60-minute Microsoft Office Hints and Tips, Wed 18 Nov, 10:00 – 11:00
60-minute Microsoft PowerPoint Hints and Tips, Thu 26 Nov, 10:00 – 11:00

Tame your computer – think out of the box

15 Sep

When I entered the world of work (many, many moons ago) there was no such thing as email and you would write office memorandums on a typewriter. If you needed to have more than one copy of the memo you would put a sheet of carbon paper between two or more sheets of paper and the pressure applied by the typewriter caused pigment from the carbon paper to reproduce the same – albeit slightly lighter – words on the sheets below. The top sheet was your original and each of the additional sheets was called a carbon copy. So why am I telling you this…?

This is what Cc in, for example, Outlook stands for and it’s meant to be used as sending a copy, for information only. Let me repeat that … for information only.

So if you’re drowning in emails, why not concentrate on the important ones – those where you are in the To field – and automatically move messages where your name was only in Cc to a separate when I have time to read this folder?

Here’s how:

  1. On the Home tab in the Move group, click on Rules, followed by Create Rule.
  2. Click on Advanced Options.
  3. Select where my name is in the Cc box.
  4. Click Next.
  5. Select the move it to the specified folder check box.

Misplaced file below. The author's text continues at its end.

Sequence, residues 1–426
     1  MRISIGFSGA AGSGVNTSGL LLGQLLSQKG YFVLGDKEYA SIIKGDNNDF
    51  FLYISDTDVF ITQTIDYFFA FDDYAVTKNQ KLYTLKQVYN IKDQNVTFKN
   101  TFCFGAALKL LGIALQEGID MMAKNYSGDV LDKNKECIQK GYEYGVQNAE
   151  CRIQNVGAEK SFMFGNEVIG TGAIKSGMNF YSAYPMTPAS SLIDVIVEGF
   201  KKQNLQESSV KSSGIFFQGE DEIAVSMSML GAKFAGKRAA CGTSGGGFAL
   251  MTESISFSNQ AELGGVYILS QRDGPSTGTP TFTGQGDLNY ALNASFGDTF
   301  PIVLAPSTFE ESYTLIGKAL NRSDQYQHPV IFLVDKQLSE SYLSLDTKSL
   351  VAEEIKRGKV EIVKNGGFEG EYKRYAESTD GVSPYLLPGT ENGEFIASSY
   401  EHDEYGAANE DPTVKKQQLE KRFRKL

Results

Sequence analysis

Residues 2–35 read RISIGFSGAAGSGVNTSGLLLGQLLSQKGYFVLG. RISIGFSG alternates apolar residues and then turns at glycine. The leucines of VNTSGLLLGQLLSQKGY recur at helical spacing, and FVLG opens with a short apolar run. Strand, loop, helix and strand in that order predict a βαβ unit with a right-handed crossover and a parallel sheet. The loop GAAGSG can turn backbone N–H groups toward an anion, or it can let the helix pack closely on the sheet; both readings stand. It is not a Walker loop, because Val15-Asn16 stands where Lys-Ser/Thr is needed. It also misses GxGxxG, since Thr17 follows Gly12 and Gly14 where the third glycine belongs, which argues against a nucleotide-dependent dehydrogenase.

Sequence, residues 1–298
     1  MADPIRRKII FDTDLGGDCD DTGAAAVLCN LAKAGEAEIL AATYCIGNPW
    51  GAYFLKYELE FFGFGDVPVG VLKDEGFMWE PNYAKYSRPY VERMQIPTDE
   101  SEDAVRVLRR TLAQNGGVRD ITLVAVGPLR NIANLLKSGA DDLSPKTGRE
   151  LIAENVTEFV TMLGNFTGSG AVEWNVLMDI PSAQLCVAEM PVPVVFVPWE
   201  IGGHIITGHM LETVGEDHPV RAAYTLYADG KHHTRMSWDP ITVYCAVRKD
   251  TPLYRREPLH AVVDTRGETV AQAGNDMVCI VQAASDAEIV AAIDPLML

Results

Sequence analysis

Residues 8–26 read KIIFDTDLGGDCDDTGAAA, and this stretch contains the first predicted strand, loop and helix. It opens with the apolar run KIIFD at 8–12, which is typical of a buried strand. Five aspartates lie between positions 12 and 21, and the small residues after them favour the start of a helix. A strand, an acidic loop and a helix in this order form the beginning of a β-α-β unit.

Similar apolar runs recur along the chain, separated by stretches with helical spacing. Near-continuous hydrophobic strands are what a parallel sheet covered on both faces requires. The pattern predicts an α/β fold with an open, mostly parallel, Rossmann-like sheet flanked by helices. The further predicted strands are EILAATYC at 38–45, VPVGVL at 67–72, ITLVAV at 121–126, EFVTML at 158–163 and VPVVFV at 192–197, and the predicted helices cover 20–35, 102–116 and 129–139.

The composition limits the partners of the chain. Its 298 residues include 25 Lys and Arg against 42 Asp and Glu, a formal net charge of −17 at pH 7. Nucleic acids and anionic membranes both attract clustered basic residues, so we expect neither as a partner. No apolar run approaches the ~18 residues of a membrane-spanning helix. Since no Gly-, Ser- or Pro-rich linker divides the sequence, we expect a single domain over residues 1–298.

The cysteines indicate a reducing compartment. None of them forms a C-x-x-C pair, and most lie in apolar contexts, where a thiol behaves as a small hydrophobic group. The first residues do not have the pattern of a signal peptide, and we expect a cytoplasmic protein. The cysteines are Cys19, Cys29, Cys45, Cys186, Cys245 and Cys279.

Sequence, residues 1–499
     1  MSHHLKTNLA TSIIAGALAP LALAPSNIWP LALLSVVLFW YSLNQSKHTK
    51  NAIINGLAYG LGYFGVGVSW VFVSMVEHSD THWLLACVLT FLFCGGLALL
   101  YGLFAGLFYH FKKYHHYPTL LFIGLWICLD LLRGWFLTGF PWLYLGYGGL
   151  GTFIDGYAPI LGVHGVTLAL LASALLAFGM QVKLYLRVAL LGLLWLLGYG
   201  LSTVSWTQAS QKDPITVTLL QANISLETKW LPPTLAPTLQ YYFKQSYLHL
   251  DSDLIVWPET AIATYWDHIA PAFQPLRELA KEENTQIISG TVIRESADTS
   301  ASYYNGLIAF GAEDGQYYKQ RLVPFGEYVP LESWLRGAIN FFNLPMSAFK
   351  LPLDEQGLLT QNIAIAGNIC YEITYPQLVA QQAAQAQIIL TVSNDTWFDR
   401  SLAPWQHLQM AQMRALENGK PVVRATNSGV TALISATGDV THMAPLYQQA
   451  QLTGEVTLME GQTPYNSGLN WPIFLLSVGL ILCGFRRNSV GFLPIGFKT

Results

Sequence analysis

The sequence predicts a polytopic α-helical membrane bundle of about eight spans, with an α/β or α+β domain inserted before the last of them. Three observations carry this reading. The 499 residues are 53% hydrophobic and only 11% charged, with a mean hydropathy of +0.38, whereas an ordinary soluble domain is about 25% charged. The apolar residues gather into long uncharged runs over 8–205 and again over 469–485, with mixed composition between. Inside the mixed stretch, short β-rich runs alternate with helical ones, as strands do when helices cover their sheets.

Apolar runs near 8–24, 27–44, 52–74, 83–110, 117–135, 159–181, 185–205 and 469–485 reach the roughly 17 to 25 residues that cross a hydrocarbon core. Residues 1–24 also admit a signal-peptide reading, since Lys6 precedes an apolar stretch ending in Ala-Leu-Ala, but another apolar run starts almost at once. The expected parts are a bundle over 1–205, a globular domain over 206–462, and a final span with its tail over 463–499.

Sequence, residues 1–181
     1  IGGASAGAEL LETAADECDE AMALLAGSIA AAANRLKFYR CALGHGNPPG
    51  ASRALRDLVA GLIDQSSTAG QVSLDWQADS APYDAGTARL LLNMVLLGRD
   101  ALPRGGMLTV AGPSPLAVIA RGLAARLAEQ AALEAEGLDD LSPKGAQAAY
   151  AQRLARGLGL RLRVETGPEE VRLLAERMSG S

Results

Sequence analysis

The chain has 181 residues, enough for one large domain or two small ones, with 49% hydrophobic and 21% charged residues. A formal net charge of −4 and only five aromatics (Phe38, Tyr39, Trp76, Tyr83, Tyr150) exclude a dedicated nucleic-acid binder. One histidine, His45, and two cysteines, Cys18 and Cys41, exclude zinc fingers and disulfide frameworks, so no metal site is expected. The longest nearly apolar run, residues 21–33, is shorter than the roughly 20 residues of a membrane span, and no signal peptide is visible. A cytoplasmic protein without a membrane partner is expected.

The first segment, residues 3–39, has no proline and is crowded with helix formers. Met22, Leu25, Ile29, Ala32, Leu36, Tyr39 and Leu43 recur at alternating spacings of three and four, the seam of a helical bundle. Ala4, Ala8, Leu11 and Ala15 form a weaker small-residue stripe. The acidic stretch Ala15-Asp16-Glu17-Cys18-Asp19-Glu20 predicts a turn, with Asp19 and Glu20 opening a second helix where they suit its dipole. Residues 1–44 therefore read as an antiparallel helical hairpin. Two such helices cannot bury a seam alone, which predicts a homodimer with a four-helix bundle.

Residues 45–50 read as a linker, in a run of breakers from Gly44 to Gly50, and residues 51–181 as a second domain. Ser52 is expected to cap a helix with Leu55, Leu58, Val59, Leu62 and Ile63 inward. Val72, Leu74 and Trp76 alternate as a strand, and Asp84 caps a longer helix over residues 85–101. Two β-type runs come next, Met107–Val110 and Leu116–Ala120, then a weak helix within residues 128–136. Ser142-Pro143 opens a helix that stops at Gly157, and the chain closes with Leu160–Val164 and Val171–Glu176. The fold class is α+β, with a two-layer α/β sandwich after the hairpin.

6. Underneath, in the Step 2 box, click on the specified hyperlink.
  7. Click on the when I have time to read this folder you created earlier or click on New to create a folder “on the fly”.
  8. Click OK.
  9. Click Finish.
  10. Click OK.

Related tips
5 tips to prevent email overload upon your return from holiday
Automatically move low-priority emails from your inbox 
Manage interruptions by setting up specific notifications only
Display the total number of messages in a folder, including those you read

Related webinars
Is your Outlook inbox an overstuffed, out-of-control beast? Sign up for the 60-minute Outlook/Word webinar and let me guide you through the more hidden features:

Monday 21 September 10:00 – 11:00 Book now
Wednesday 14 October 15:00 – 16:00 Book now

As a delegate wrote last week: “Just understanding how some of the search shortcuts work will undoubtedly save me many hours.”

Tame your computer – meeting matters

17 Aug

CleverclogsTipTime2When you invite people to an Outlook meeting you can use the Tracking button to view the various responses.

But did you know you can easily copy and paste the text elsewhere? This way you can quickly print a list of the meeting attendees –  if necessary – or summarise how many people AcceptedDeclined, clicked Tentative or didn’t respond at all.

Here’s how:

  1. Open the meeting request, as normal.
  2. On the Meeting tab, click on the Tracking button’s drop-down arrow and select Copy Status to Clipboard. (In Microsoft 365 I have a separate Tracking tab.)